3. Enable SunRPC frames to pass through the packet filter.
4. Enable SNMP frames to pass through the packet filter.
Note - that the 161 port is the port for SNMP requests on a managed device, and the 162 port is the port for SNMP traps on a managed device. The SNMP traps originate on the managed device. The SNMP commands originate on an SNMP management station.
5. Enable NFS frames to pass through the packet filter.
Note - For more information about using the ip filter permit command, refer to the Sun Fire B1600 Blade System Chassis Switch Administration Guide. For a list of the port numbers associated with particular protocols, refer to the /etc/services file or the /etc/inet/services file on a Unix system. For a complete list of the port numbers associated with IP services, refer to the web site of the Internet Assigned Numbers Authority (http://www.iana.org).
1. In the switch console, type:
where username is the name you want the user to type when he or she logs in.
The number 15 in the first command signifies that the new user will have access to Privileged Exec mode. (To give a user access to Normal Exec mode only, type 0 instead of 15.)
where username is the name you want the user to type when he or she logs in, and password is the new user's password.
The 0 in this command signifies that the value typed for password is not encrypted. If you were to enter the value in its encrypted form, you would have to indicate this by typing 7 instead of 0 before the encrypted text that you specify as the password. However, there is no reason to enter the password in its encrypted form. The switch stores the password
When you set up a password for a user, you need to tell the switch (by putting a 0 or a 7 on the command line) whether you are specifying the user's password in plain text or encrypted form. In practice, you will always specify a 0 to indicate plain text.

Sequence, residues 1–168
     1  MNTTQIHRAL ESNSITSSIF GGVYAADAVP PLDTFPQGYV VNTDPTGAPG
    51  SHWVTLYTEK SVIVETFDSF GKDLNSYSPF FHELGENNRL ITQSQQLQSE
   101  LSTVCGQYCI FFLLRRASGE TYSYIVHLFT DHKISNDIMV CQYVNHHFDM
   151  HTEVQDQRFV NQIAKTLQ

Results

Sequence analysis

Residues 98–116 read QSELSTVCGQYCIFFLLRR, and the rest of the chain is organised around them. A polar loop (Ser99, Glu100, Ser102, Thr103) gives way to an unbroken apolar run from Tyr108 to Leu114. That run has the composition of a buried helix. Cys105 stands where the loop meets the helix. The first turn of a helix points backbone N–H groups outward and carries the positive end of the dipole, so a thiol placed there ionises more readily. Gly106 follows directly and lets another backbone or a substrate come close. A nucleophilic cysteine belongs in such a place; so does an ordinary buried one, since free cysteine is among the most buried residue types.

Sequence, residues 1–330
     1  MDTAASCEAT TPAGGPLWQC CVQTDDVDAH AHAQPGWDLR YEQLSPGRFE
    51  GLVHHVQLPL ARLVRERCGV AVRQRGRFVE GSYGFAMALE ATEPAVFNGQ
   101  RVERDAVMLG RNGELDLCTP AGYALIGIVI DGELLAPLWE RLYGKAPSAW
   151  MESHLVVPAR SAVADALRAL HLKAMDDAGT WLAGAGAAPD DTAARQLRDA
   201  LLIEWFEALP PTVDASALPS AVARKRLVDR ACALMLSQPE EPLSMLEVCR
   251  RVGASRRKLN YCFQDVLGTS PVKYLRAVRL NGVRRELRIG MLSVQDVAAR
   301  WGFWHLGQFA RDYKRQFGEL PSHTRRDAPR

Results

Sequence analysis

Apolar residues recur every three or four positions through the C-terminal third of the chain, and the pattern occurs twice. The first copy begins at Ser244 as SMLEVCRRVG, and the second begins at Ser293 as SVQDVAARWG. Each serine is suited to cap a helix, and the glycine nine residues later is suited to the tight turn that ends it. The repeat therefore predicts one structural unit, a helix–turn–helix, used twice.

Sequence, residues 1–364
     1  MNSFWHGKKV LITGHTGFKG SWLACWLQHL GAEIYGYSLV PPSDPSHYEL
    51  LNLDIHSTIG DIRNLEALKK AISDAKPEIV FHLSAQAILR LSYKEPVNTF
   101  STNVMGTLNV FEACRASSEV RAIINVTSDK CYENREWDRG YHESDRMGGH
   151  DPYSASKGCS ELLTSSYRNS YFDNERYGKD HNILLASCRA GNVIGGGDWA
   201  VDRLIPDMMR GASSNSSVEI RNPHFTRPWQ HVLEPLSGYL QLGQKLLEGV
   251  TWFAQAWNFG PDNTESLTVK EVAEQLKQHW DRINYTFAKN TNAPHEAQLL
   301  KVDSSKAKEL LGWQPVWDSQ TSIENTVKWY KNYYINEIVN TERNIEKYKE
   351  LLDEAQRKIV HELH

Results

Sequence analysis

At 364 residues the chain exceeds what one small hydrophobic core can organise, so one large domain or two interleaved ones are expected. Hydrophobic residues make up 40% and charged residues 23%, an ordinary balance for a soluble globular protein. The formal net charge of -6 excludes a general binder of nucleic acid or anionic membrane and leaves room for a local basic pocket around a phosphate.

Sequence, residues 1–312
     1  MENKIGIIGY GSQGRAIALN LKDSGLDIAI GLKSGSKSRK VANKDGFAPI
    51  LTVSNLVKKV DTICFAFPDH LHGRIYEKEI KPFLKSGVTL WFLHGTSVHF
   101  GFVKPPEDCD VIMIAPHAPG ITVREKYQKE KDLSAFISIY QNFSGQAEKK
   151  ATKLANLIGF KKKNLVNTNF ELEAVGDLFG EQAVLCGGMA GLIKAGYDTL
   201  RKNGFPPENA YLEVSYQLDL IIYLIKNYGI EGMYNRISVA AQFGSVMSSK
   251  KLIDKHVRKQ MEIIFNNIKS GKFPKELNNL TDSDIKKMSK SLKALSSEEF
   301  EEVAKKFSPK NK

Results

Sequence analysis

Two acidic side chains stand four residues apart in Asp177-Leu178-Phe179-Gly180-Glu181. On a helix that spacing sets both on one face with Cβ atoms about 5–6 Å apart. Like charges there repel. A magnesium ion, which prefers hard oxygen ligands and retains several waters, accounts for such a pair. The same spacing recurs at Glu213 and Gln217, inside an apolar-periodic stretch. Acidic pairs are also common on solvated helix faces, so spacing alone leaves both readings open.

The parameter 7 (indicating encrypted text) exists only for the switch's internal use at boot-time. It stores its passwords in encrypted form for security in the configuration file, because the passwords are viewable in this file. For example, you can view them by typing:
However, at boot time the switch processes the passwords from this file. And it is therefore during the boot process that it needs to be able to distinguish between passwords presented as plain text and passwords presented as encrypted text. In other words, the parameter 7 that it is possible to enter on the command line (when you set up a user with a password) is of no practical use to you as a user.
The default user name (with full access rights) is admin.
The password is admin.
The default user name for guest access (with limited privileges) is guest.
The password is guest.
The default password for the enable command (to transition from guest access to full access) is super.
This section contains the following information:
To check the IP address and VLAN Id of the management port, at the Console# prompt, type:
To check the VLAN configuration of the switch, at the Console# prompt, type:
To find out who is logged into the command-line and web interfaces, at the Console# prompt, type:
To view the current configuration of the switch, at the Console# prompt, type:
If anybody has changed any switch settings since the last time the switch booted, the running configuration will differ from the start-up configuration
To view the configuration that the switch received when it last booted (and which it will receive the next time it boots), at the Console# prompt, type:
To find out firmware (and other) version information, at the Console# prompt, type:
To find out the MAC address, and to find out firmware (and other) version information, at the Console# prompt, type: